For subscribers only

Leading The Strategic Changes

Layne McDonald. Ph.D.

I’ve learned that people will forget what you said, people will forget what you did, but people will never forget how you made them feel. - Maya Angelou

Implementing new strategies, directions, and aims introduces significant organizational change. As such, the implementation must be approached and managed similarly to when significant changes are being made. The changes must be planned, implemented as smoothly as possible, and then checked and evaluated for progress and performance against the desired outcomes and aims, which were the drivers of the change. The leader must ensure that all aspects of the changes, including the new strategic plan, are managed successfully.

The leader is the change strategist, whose role is to lead, champion the changes, promote the vision, keep the organization traveling in the chosen direction, and ensure that all those involved in implementing the changes, and the strategies, perform to the best of their ability. There is a range of leadership styles that could be drawn on. Some would argue that specific changes need an autocratic, aggressive leadership style. While there may be the need for an element of this approach to be used as a single style, it rarely results in a positive post-change environment. This is the flaw in this approach, for after the changes have been implemented and the strategies are in place, the managers, specialists, operational employees, and all contributing stakeholders must work together in a harmonious, positive manner to achieve the desired progress aims. Suppose the leadership style during the change has been harsh, unforgiving, and aggressive. In that case, it may take many months, even years, to re-establish a positive environment and a healthy, goals-focused, teamwork-driven culture. The only logical choice of leadership style in any significant change combines all the techniques but leans heavily toward those which focus on a team approach. The leader adopts a flexible, responsive style, a blend of consultative, participative, and democratic, leaving room for an occasional, sparing touch of the autocratic to be employed if necessary. This style will then be the foundation for the new, changed organization.

The leader must check performance at the strategic and corporate levels. Changing strategic direction, no matter how thorough the preparation and planning, entails taking the organization into uncharted territory. The leader is the guide, the expert, the most high-profile member of the team embarking on this journey, and as such, must be constantly aware of how much progress is being made and, when required, able to adjust the pace of progress and degree of activity to ensure that progress is satisfactory. To succeed, the leader must regularly monitor and evaluate activities, demanding prompt and correct information to make the assessment. In turn, the senior management team must show that they are successfully cascading this review and evaluation process down into the operational activity areas. The leader must set evidence of achievement of this task as one of the performance appraisal criteria for the senior managers. In turn, they must apply this approach to the operational managers and teams, as discussed below.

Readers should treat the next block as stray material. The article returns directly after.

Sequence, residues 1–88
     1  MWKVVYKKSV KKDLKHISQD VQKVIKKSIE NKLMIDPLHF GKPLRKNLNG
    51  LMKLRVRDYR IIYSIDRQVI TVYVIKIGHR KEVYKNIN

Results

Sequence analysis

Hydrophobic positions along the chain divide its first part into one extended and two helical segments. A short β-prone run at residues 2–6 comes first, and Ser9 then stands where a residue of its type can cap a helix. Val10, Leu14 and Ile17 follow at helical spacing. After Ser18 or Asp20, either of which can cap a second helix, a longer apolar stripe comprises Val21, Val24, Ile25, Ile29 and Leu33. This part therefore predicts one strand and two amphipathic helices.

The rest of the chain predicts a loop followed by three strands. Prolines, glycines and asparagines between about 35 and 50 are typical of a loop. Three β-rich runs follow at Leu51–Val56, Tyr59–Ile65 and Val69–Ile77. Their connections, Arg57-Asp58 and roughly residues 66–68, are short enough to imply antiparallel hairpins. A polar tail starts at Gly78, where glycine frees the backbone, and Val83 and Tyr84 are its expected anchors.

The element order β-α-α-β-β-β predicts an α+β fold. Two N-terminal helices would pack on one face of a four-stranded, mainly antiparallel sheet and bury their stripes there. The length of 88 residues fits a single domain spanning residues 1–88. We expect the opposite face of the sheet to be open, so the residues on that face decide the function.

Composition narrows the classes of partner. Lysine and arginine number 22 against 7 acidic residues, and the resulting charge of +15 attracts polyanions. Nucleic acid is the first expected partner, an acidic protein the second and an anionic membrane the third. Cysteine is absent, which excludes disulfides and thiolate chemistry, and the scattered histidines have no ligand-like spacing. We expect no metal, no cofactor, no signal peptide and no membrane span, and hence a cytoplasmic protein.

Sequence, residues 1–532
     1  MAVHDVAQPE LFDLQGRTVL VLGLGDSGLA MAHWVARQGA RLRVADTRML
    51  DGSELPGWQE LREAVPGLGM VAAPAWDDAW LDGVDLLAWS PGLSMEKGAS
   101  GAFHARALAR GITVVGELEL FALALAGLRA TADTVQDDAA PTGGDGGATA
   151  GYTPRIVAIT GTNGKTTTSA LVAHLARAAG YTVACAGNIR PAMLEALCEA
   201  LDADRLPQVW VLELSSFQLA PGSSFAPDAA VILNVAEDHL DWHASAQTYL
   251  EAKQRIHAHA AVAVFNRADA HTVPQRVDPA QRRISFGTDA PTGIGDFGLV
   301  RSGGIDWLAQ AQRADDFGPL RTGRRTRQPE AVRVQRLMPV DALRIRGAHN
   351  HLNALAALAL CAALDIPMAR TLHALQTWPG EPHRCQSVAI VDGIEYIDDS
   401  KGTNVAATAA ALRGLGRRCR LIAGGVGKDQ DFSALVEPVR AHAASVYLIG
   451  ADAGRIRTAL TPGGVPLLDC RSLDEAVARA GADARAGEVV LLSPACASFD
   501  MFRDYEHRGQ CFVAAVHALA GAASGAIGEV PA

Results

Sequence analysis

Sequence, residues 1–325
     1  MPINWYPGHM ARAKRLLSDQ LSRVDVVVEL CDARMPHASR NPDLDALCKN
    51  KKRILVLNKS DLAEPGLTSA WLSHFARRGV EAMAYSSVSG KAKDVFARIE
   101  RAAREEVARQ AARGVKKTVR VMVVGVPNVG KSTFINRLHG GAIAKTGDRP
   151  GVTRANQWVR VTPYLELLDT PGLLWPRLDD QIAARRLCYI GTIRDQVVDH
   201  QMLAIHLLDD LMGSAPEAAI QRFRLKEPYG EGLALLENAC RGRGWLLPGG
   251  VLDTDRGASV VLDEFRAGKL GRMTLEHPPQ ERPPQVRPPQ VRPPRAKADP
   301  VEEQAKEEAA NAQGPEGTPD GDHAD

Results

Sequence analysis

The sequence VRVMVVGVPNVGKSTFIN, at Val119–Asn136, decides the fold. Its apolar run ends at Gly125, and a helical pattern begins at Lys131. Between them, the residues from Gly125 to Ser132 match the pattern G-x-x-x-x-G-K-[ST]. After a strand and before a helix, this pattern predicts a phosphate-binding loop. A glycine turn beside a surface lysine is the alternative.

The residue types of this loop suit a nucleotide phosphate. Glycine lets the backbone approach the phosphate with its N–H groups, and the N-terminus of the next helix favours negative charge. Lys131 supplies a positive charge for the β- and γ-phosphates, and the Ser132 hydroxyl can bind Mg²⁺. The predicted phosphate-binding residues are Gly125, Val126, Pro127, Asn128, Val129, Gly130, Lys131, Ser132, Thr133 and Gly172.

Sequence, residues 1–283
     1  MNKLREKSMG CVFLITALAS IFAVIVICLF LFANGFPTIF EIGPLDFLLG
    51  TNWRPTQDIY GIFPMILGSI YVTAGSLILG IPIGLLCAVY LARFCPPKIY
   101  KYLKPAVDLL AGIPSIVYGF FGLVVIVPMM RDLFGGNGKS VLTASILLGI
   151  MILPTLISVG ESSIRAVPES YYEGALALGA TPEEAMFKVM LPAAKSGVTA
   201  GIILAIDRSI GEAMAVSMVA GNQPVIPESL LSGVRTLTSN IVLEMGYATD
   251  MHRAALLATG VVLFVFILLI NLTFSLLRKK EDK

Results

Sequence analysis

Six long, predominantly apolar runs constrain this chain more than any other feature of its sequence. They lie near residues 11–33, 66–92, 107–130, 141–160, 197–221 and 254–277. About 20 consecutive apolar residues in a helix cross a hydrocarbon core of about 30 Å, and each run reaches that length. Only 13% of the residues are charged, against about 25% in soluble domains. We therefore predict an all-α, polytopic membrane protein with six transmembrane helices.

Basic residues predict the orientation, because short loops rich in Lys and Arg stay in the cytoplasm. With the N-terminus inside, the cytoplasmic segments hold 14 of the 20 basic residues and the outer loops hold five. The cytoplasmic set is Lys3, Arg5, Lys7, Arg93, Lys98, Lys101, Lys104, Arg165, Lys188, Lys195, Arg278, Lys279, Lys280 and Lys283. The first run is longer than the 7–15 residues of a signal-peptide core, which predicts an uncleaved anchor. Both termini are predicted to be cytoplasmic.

The senior managers are the change implementers at the corporate level. Their role in implementing and managing the strategies and ensuring that the aims are met is crucial. These managers will lead and manage the operational managers and specialists and check performance and progress. One of their roles will be to inform and drive active managers and to appraise their performance. In all these activities, the leader(s) must provide the senior managers with encouragement and the necessary support to conduct their work. They must also appraise their performance and demand improvements where necessary.

At the operational levels, the middle and functional managers must aid in making the changes and achieving the aims. This includes complex areas of activity such as achieving targets, goals, deadlines, outcomes, dreams, managing budgets, controlling costs, keeping quality standards, producing goods, or delivering services. It also includes effectively managing soft areas of activity such as communications, coaching, training, and development, managing resistance, and supplying support for those negatively affected by the changes. The leader cannot work at this level but should repeatedly ask for evidence from the senior managers that the strategic aims have been successfully translated into operational targets, deadlines, and goals and that operational performance is satisfactory.